All Big Issues
The Instigator
Pro (for)
Losing
3 Points
The Contender
Con (against)
Winning
18 Points

# The Digit "1" is in the Neither Category in Relation to Prime and Composite Numbers

Do you like this debate?NoYes+0

Vote Here
Pro Tied Con
Who did you agree with before the debate?
Who did you agree with after the debate?
Who had better spelling and grammar?
Who used the most reliable sources?
1,000 Characters Remaining
The voting period for this debate does not end.
 Voting Style: Open Point System: 7 Point Started: 2/11/2008 Category: Education Updated: 14 years ago Status: Voting Period Viewed: 1,478 times Debate No: 2560
Debate Rounds (3)

 Pro OKay, this debate stemmed off a mini-debate that we had in math class. We were discussing prime and composite numbers, and my teacher told us that zero was special and was neither, and so the class argued for five minutes about whether one was in the neither category or the prime category. We never reached a conclusion. Anyway, I'll start my debate. One is in the neither category of numbers instead of the prime category simply because to be a prime number the number in question must be divisible by one and itself only. Well one's only divisible by one number, one. And, to back up that argument, I will point out that "and" means 'in addition to'. Prove me wrong.Report this Argument Con You say that one is in the category of neither prime nor composite. I believe it is prime. The number 1 is divisible by one and itself. Although itself and one are the same thing, the number IS in fact divisible by both, and therefore fits the requirments you have stated. prime number-a positive integer that is not divisible without remainder by any integer except itself and 1. The number 1 is divisible by itself. It is also divisible by one. Therefore, I believe it is a prime number.Report this Argument Pro "the number IS in fact divisible by both" But both of the numbers are the same thing, therefore "they" are one, and as such "they" are not both and cannot be both, for "they" will always be one. "and therefore fits the requirments you have stated." But, in fact, it doesn't, for both of the numbers you have stated are the same thing, and are therefore one number in truth. http://dictionary.reference.com... - "2. added to; plus: 2 and 2 are 4. " This can simply be restated as "in addition to" To have something "in additon to" another, those two things must be different.Report this Argument Con skizzils forfeited this round. Pro Okay, since me opponent failed to respond within the time allotted, I shall restate my position upon the subject. The number one is in the neither category in relation to prime and composite numbers. The reason being is simple: One is only one number, and therefore the statement "One and one" is invalid in cases relating to the same thing and number. Prove me wrong.Report this Argument Con "But both of the numbers are the same thing, therefore "they" are one, and as such "they" are not both and cannot be both, for "they" will always be one." The number one is divisible by both one and itself. No matter whether or not the number one is noted as both or as one, it is in fact divisible by both, no matter if 'both' is the same number. In the definition of and that you supplied, it says 'in addition to, also, etc'. The number one is divisible by itself, and also the number one. The number one is divisible by both itself and the number one. Although both are the same, this does not qualify it to be placed in neither group.Report this Argument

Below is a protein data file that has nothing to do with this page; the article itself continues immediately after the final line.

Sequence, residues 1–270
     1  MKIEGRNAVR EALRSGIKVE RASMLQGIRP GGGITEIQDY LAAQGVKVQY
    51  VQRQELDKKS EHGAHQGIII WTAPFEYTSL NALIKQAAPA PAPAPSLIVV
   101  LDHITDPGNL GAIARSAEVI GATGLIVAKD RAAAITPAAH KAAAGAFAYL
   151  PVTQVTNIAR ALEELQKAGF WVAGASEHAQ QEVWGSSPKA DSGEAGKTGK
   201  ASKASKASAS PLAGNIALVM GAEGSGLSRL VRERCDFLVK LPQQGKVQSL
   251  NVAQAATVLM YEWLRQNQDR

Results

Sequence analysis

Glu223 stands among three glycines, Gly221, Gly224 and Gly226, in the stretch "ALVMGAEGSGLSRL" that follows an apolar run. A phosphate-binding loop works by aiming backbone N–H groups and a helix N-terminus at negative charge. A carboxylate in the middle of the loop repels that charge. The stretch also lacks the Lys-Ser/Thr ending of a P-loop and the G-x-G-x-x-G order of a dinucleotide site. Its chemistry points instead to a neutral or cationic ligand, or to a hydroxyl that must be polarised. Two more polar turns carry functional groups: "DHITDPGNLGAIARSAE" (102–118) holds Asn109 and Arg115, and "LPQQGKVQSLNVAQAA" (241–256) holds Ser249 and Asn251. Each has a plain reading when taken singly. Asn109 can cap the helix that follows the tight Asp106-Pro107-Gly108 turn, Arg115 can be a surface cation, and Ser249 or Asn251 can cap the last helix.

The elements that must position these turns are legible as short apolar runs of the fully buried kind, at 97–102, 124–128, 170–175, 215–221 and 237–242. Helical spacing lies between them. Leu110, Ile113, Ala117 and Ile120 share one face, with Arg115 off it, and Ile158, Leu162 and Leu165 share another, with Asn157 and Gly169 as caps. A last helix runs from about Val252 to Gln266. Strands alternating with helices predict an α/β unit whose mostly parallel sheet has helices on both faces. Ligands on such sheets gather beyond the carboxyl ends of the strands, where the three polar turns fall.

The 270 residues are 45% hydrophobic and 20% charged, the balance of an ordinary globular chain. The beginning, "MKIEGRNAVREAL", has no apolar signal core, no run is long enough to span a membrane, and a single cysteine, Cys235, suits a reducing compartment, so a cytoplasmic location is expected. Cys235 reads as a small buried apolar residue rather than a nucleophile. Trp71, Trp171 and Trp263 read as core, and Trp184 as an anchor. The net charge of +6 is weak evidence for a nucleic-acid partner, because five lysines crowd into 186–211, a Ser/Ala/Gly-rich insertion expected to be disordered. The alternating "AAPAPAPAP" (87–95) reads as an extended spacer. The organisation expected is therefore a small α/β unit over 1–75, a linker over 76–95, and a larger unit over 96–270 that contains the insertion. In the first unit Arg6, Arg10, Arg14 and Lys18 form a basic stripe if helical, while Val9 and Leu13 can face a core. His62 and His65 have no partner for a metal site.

2 comments have been posted on this debate. Showing 1 through 2 records.
Posted by VenomousNinja 14 years ago
Heh heh, that is not for me to decide, but for the voters to decide...

Just make sure you respond this time, though.
Posted by skizzils 14 years ago
I very much apologize that I had not responded. I will make sure to respond this time. Please forgive me for my mistake.
7 votes have been placed for this debate. Showing 1 through 7 records.